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MeliBio cofounder and CEO Darko Mandich
Darko Mandich: '10 years from now, honey from bees will be an expensive artisanal gift only for special occasions...' Image credit: MeliBio

Honey… without bees? MeliBio rolls out plant-based alternative in Austria and Switzerland with ALDI

January 9, 2024

MeliBio, a California-based startup developing honey without bees, is rolling out its first products in partnership with Slovenian food maker Narayan in the UK, Switzerland, and Austria in the first part of a $10m, four-year deal to reach 75,000 stores across Europe.

The plant-based ‘bee-free’ sweetener is sold under ALDI’s Just Veg! private label brand in Hofer stores in Austria and Switzerland, and under the Better Foodie brand in the UK, where it is rolling out to around 200 independent stores.

In the US, where MelBio has launched its own brand (‘Mellody’) for foodservice and direct to consumer channels, the product is described as ‘plant-based honey,’ and has a slightly different formulation, says cofounder and CEO Darko Mandich, a Serbian entrepreneur and honey-enthusiast who teamed up with molecular biologist Dr. Aaron Schaller to create MeliBio in 2020.

“The first versions of our product are 100% plant-based, inspired by light clover honey and acacia honey,” ​he tells AgFunderNews. “But we are also working on proprietary precision fermentation technology that more closely replicates the [multistep enzymatic] process that bees use to convert nectar into honey. A 100% plant-based approach doesn’t work for all types of honey and the plant-based product is not 100% identical [to honey produced by bees].”

The plant-based formulation, which contains 80% fructose and glucose and 18% water, gets its distinct flavor and properties from a blend of plant extracts comprising the remaining 2%. In the US it uses red clover, jasmine, passionflower, chamomile, and seaberry, coupled with gluconic acid and natural flavors, while in Europe, the plant extract blend is slightly different, says Mandich.

The product is variously marketed as vegan ‘hanny,’ ‘ohney’ and ‘h*ney’ in Europe, and ‘plant-based honey’ in the US, where there is no federal standard of identity for honey (although the FDA non-binding guidance​​​ issued in 2018 notes that reference materials define honey as ‘a thick, sweet, syrupy substance that bees make as food​ from the nectar of plants or secretions of living parts of plants’).

Vegan honey from MeliBio
Left: Mellody plant-based honey for the US market; top right: Better Foodie plant-based h*ney for the UK market; bottom right: Plant-based ‘ohney’ for the Swiss and Austrian market under ALDI’s Just Veg! brand. Image credits: MeliBio

The case for bee-free honey

But why make honey without bees in the first place? Is this a solution looking for a problem?

The first argument for bee-free honey is about simple economics, according to MeliBio. Put simply, demand for honey is rising and honey bee populations​​ are declining due to viruses, parasites, bacterial and fungal pathogens, and climate change, creating an opportunity for vegan alternatives.

“I remember back in 2012 when I worked at a honey company, we were paying beekeepers about [euro] 50 cents per kilogram of honey,” recalls Mandich. “Today in Europe, some of the beekeepers are paid 20x that. Essentially honey will become more and more premium and less accessible.

“There will always be demand for honey [made by bees] but I predict that 10 years from now, it will be an expensive artisanal gift only for special occasions that people might be paying $100 per jar for at the farmer’s market, while the majority of the market will be supplied by companies such as MeliBio.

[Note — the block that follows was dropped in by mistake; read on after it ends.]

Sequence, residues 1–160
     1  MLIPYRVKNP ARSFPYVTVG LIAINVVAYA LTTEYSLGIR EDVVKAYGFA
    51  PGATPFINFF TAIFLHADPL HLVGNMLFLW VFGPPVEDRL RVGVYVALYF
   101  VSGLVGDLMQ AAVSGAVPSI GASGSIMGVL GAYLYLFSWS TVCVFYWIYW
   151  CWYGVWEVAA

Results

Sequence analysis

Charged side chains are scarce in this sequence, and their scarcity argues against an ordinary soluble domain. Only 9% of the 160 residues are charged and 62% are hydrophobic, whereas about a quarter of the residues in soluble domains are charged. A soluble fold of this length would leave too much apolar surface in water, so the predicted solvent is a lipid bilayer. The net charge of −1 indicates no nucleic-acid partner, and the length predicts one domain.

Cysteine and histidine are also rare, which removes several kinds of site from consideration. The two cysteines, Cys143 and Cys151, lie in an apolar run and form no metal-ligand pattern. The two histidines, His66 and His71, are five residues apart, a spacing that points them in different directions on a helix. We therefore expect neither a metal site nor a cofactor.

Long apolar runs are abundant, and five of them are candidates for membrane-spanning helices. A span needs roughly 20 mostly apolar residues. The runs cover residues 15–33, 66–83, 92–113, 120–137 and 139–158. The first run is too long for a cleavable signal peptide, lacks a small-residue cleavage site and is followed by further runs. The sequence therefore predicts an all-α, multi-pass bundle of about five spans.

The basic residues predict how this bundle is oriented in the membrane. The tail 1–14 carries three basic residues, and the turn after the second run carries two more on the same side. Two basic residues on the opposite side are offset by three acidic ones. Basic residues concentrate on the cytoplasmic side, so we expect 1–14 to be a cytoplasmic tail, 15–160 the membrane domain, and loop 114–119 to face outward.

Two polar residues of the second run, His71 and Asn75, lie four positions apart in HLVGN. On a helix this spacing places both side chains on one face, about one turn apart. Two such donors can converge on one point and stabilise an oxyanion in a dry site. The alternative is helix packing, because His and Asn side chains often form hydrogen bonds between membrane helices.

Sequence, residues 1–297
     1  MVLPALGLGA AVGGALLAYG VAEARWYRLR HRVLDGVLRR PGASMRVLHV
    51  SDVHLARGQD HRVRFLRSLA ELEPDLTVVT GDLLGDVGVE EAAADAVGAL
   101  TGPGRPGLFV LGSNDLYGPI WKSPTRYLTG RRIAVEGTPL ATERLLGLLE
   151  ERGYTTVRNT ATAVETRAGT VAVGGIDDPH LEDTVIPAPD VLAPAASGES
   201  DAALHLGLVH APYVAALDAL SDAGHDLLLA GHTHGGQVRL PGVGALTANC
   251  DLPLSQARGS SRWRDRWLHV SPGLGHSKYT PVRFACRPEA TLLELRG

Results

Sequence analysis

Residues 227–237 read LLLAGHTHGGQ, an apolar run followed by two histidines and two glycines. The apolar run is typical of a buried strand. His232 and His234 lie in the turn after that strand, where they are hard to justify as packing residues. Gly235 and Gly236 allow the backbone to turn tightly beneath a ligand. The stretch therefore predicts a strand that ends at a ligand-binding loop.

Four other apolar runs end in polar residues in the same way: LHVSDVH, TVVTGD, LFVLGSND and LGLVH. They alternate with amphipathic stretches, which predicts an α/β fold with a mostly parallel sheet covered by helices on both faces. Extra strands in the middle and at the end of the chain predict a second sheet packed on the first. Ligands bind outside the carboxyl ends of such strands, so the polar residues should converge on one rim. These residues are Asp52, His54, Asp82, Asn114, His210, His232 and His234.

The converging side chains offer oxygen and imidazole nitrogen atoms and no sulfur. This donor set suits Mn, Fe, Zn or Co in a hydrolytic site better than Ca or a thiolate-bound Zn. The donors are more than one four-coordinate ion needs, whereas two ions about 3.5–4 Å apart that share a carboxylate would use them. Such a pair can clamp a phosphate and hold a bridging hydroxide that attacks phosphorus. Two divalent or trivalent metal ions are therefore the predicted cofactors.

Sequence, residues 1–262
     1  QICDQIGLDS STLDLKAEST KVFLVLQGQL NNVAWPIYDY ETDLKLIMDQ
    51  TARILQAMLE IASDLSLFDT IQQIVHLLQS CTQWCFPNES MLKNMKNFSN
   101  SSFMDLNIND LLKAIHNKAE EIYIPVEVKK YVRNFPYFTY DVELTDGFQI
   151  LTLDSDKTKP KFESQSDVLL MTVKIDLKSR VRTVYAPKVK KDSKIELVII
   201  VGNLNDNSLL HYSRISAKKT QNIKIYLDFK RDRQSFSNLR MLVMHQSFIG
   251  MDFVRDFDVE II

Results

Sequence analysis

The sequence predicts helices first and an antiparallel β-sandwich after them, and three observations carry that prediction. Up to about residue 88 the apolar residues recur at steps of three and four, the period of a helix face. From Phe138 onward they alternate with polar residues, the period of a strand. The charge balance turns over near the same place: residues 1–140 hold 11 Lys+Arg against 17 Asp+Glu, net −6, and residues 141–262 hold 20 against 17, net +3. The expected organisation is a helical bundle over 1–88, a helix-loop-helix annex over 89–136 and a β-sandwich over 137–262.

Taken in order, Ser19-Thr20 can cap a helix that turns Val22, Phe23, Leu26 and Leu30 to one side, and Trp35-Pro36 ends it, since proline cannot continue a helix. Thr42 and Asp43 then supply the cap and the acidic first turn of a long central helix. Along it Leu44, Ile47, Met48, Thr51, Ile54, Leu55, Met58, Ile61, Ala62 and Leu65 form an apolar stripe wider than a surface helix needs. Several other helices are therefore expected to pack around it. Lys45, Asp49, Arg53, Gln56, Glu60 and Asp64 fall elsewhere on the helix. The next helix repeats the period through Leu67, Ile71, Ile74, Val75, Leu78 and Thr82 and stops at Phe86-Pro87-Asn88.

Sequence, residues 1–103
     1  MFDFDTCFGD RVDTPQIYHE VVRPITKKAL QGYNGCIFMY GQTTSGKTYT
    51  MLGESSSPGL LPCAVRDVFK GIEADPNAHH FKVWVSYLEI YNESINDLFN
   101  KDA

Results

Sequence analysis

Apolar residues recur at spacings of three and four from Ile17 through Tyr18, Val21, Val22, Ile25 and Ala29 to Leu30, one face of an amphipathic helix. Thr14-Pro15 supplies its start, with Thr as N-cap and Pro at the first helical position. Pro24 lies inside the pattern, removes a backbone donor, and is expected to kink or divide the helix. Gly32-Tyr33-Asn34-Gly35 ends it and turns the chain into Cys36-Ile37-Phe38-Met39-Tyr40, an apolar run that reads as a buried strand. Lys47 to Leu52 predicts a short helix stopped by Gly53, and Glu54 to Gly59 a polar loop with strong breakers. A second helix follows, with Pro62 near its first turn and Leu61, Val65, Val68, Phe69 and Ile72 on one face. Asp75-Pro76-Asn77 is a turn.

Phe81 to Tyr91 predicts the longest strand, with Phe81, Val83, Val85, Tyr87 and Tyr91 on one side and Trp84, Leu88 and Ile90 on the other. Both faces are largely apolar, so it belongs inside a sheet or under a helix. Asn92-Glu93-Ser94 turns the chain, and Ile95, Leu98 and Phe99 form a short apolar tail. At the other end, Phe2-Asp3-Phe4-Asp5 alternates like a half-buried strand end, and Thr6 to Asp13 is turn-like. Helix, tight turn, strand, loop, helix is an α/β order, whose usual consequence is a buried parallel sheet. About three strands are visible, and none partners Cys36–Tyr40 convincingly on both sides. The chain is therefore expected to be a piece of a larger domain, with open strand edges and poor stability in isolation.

“Beekeeping is also becoming more and more difficult. In countries such as Serbia, the average age of a beekeeper is 58 and new generations are not taking over.”

He added: “What’s also exciting is that we’ve already scaled to a level of a medium-sized honey company, where we make about 10,000 pounds or more per day of plant-based honey via co-packers.

“And we’ve got here on less than $10 million in seed funding,” notes Mandich, who is aiming to close a series A round in the first half of this year.

Biodiversity and sustainability

The second argument for bee-free honey spans ethics, biodiversity, and sustainability, says Mandich, who notes that while there are thousands of bee species that can pollinate different plants, there are only a handful of varieties of managed honeybees, which are bred for high productivity and only pollinate selected plants.

This has narrowed the gene pool and increased susceptibility to disease and large-scale die-offs,​​​ claims Mandich, who claims the presence of managed bees has a negative effect on native pollinators, by crowding them out and exposing them to disease.

Meanwhile, all bees are susceptible to climate change, habitat loss, and pesticide assault, he claims.

IP strategy, global ambitions

Asked about IP, he says: “We have a PCT patent application on plant-based honey composition in multiple regions in the world, plus trade secrets. On the precision fermentation side, we also have some patent applications pending along with trade secrets.”

Historically, he contends, vegan honey products were “created for vegans. We created MeliBio to become the most impactful, influential, and eventually the largest honey company in the world that just happens to make products that fit into a vegan diet.

“Because of that, our approach is really to get the product as close to the real thing as possible at an affordable price point. ALDI is a massive global corporate that’s very price sensitive, so by landing this deal we are confirming that MeliBio technology can play at that level of price sensitivity which ALDI requires.”

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